- Related Research Areas
- Atmospheric Composition
The detection of boundary layer ammonia by the NASA TES instrument provides unprecedented opportunity for reducing persistent uncertainties in our understanding of the distribution and impacts of atmospheric ammonia. Ammonia (NH3) affects air quality and climate through its role in the mass, composition and physical properties of tropospheric aerosol. In order to maximize the potential of TES observations to constrain model estimates of these important processes, we will take advantage of recently developed data assimilation tools and targeted in situ measurements of surface-level NH3 concentrations. To fully understand the role of NH3 on tropospheric aerosols, it is critical to analyze the surface fluxes and inorganic aerosol system at local, continental, and global scales; thus, observations and models will be used to address the following specific objectives:
Reduce uncertainty in the effective atmospheric lifetime of NH3 by constraining bi- directional NH3 flux from agricultural vs natural land types.
Provide observational constraints on the magnitude of NH3 sources and atmospheric NHx distributions first in a local case study in North Carolina and then throughout the Continental U.S.
Improve both spatial distribution and seasonal estimates of sources and fates of NHx in global models, quantifying how this alters global particle compositions and sensitivities to changing emissions.
For the first objective, special TES transect observations of NH3 will be compared both to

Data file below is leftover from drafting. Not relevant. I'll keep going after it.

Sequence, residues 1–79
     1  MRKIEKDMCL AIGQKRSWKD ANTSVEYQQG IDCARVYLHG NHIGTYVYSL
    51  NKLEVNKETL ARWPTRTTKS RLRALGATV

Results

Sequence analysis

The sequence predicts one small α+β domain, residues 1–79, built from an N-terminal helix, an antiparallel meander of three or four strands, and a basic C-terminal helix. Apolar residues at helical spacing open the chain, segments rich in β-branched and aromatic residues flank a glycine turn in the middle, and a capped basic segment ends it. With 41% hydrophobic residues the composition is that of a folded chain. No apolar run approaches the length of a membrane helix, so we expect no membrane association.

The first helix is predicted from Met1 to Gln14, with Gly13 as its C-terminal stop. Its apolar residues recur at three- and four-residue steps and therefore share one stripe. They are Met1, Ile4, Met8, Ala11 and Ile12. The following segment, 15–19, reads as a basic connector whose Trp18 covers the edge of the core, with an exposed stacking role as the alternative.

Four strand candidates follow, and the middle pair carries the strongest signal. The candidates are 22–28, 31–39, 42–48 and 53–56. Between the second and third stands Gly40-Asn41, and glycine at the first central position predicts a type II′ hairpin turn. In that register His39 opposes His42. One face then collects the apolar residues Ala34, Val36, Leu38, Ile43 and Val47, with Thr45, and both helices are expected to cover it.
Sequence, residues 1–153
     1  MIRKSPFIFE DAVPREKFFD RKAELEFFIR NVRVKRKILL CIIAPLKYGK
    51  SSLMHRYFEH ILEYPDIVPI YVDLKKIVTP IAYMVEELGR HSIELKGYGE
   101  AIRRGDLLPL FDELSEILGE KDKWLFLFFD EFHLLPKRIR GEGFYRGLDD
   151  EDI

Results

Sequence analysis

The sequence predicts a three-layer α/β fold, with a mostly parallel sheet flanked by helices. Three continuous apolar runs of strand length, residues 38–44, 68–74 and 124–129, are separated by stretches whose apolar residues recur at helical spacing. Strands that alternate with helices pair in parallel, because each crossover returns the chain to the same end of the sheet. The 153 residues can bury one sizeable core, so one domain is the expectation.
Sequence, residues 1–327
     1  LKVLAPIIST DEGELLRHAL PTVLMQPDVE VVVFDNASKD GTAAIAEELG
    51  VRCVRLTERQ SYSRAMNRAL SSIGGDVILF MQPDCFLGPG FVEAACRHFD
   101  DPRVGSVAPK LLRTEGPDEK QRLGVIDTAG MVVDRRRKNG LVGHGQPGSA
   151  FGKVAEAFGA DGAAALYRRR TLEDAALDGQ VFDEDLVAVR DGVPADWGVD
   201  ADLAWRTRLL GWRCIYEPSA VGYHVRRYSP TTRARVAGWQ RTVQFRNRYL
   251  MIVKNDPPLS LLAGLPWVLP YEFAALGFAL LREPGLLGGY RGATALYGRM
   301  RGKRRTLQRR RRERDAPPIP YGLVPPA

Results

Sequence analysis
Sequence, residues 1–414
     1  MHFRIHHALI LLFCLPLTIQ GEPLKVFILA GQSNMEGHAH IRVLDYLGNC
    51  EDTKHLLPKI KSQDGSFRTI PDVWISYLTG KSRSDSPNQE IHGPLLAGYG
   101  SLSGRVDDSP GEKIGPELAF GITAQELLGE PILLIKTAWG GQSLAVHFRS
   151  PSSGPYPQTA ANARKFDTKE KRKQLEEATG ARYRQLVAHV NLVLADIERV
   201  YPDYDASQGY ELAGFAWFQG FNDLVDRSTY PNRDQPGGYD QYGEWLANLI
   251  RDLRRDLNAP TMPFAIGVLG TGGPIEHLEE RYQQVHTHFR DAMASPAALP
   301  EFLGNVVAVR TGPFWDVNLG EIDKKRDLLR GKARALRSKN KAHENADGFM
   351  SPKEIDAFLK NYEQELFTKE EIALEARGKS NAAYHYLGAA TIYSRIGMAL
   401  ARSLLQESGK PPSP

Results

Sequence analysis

in situ measurements positioned directly within the satellite footprints across a region of
eastern North Carolina (where the county-level NH3 emission density is the highest in the
nation) and to CMAQ simulations employing a newly developed bi-directional flux model in order to estimate the impact of deposition and subsequent re-emission of NH3
from natural vs agricultural land types on the effective atmospheric lifetime and
distribution of NH3. An extended Kalman filter with CMAQ-DDM-3D sensitivities will
be used to constrain the magnitude of several key source sectors in North Carolina and
then throughout the U.S. Next, global scale analysis of NH3 emissions will be performed
using the 4D-Var technique with the GEOS-Chem adjoint model. For each of these
inverse modeling studies, considerable effort will be made to first characterize the
approach using model generated ("pseudo") observations, exploring the influence of prior
assumptions and covariances. The inverse modeling results will be evaluated through
comparison of subsequent model estimated NH3 and PM2.5 concentrations and nitrogen
deposition with additional observations.
This research will address several of the specific areas highlighted in ROSES solicitation A.15, such as factors influencing tropospheric air quality, aerosol processes, the climate impact of chemically active trace gases and aerosols, and the interaction between the regional and global scale atmosphere. The improved NH3 models proposed here will increase the effectiveness of emissions controls strategies to minimize harmful levels of PM2.5 exposure. They will also refine estimates of future reactive nitrogen deposition, which depend upon accurate representation of atmospheric NH3 transport. Constraining NH3 will help reduce uncertainty in anthropogenic climate forcing of aerosols through better estimates of aerosol ion concentrations that dictate particle phase, water uptake, and optical properties.
This proposal builds on a previous NASA proposal to develop TES NH3 retrievals (PI Shephard). Overall, the entire effort to constrain estimates of aerosol impacts on air quality and climate is enabled through utilization of new NH3 satellite observations and thus directly applies to NASA's strategic goal to advance scientific understanding and meet societal needs by studying planet Earth from space.
Project PI: Daven Henze/University of Colorado at Boulder
CU Mechanical Engineering Dept 1111 Engineering Drive ECME 114 Boulder, CO 80309
Phone: (303) 492-8716
Fax: (303) 492-3498
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